In this study, we used a model running at a relatively coarse spatial resolution to simulate the impact of wind and solar farms. However, the model has been shown to be capable of capturing the large-scale impacts from changing albedo, roughness, and vegetation responses (2022, 31) and has skills comparable to those of other higher-resolution models in simulating modern climate and multidecadal variability in this region in multiple model intercomparison projects (32, 33). Still, uncertainties remain in the magnitude of climate response and the strength of vegetation feedbacks. The complexity of a global model also limits its ability in capturing the impacts on synoptic and mesoscale weather processes. It is not clear if all of our findings are directly applicable to wind and solar farms with a size much smaller than the model grid. Nevertheless, the temperature impacts of wind and solar farms in our study (i.e., the warming effect of wind farms and the albedo-dependent impact of solar panels) are consistent with those reported in studies conducted at the local scale (34, 35). For the precipitation change, the impact is more uncertain due to its region-specific and scale-dependent nature. We addressed these uncertainties by designing additional experiments (30). We found that expanding the wind and solar farms from the Sahara to the world’s other deserts does not significantly increase the climate impact (fig. S7). The most significant impact is still concentrated in the Sahara and the surrounding regions, whereas the impact is not significant in many other deserts, due to their scattered geographical distributions, smaller sizes, and weaker changes in albedo (fig. S8). Even in the Sahara, the wind and solar farms impacts also depend on their specific location and spatial distribution, with uneven impacts when deployed with different spatial configurations (i.e., the “checkerboard” and “quarter” wind farm experiments represented in fig. S9). Therefore, to assess the impacts of smaller-scale wind and solar farms installed at specific locations, further studies are required, especially those using more advanced global and regional climate models with higher spatial resolutions (25).

Our results obtained from experiments performed with a climate model suggest that, for installations of wind and solar farms with current conversion efficiency in the desert at a scale large enough to power the entire world, the impacts on regional climate would be beneficial rather than detrimental, and the impacts on global mean temperature are still small compared with those induced by CO2 emission from fossil fuels (3, 10). If carefully planned, these farms could also trigger more precipitation, largely because of a previously overlooked vegetation feedback. This highlights that, in addition to avoiding anthropogenic greenhouse gas emissions from fossil fuels and the resulting warming, wind and solar energy could have other unexpected beneficial climate impacts when deployed at a large scale in the Sahara, where conditions are especially favorable for these impacts. Efforts to build such large-scale wind and solar farms for electricity generation may still face many technological (e.g., transmission, efficiency), socioeconomic (e.g., cost, politics), and environmental challenges, but this goal has become increasingly achievable and cost-effective (36) (supplementary text). These results indicate that renewable energy can have multiple benefits for climate and sustainable development and thus could be widely adopted as a primary solution to the challenges of global energy, climate change, and environmental and societal sustainability (4).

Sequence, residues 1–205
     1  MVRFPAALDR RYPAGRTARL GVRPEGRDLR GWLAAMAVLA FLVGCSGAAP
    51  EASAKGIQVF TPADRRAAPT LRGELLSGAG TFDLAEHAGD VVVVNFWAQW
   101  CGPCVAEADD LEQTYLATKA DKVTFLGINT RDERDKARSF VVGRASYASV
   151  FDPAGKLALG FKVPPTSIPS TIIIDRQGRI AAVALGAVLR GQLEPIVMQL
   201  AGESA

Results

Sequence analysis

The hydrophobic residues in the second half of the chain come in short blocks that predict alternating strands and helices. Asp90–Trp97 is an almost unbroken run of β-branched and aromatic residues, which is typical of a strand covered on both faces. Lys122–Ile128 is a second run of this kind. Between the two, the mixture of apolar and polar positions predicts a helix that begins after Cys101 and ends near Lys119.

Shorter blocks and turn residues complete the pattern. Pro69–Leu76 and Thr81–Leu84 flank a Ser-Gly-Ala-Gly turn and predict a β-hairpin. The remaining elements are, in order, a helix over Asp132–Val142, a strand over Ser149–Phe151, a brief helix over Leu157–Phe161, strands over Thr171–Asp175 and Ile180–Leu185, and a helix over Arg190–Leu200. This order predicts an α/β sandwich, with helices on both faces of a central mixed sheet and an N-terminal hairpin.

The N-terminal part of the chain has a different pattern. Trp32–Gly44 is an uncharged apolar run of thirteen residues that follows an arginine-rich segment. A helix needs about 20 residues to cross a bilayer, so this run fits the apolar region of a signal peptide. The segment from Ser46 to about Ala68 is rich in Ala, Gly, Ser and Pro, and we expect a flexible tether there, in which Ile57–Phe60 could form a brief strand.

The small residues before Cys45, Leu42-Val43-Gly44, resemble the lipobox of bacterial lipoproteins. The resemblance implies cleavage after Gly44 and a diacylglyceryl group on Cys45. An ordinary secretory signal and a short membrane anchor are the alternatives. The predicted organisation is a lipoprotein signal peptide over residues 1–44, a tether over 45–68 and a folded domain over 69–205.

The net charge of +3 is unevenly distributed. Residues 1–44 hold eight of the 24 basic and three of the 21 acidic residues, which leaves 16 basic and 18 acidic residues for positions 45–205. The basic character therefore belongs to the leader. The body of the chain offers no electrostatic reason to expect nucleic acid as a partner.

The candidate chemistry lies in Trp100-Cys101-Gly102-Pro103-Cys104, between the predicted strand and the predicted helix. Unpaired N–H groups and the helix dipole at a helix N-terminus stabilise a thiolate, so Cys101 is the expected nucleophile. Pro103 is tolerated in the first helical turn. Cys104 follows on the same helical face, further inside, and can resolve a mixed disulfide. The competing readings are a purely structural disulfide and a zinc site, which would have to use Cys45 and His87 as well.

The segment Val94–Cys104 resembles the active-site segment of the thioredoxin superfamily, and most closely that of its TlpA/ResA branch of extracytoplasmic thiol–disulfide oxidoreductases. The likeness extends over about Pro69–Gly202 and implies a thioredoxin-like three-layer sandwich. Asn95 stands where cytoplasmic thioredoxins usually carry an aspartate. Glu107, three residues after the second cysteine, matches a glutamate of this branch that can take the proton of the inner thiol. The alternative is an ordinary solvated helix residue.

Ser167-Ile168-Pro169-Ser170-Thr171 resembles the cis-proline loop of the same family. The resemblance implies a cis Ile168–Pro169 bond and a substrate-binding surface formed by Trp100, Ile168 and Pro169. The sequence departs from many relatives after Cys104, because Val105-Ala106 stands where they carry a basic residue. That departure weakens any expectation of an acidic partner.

Supplementary Materials

Materials and Methods

Supplementary Text

Figs. S1 to S9

Table S1

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Acknowledgments: We thank the University of Maryland and the Univ. of Illinois for supercomputing resources—in particular, the Deepthought2 ( and Bluewaters ( supercomputers—made available for conducting the research reported in this paper. We also thank three anonymous reviewers for constructive comments. Funding: Y.L. acknowledges support from the National Key RD Program of China (no. 2017YFA0604701). E.K. and S.M. acknowledge Lev Gandin funding (grant 2956713) provided by G. Brin. Authors contributions: E.K., Y.L., and S.M. conceptualized the study; Y.L., E.K., S.M., F.K., and J.R. designed the experiments; Y.L. and E.B. performed the model simulations; F.K., N.Z., and Y.L. developed the UMD-ICTP model version used in this study; Y.L., E.K., S.M., and F.K. analyzed the data, with contributions from other co-authors; and Y.L., S.M., E.K., F.K., and J.R. wrote the manuscript, with discussions and contributions from other co-authors. Competing interests: D.K.-D. is a lead research scientist at AWS Truepower, whose work involves forecasting renewable generation for grid operators. Data and materials availability: The model simulation data are available at Figshare (37).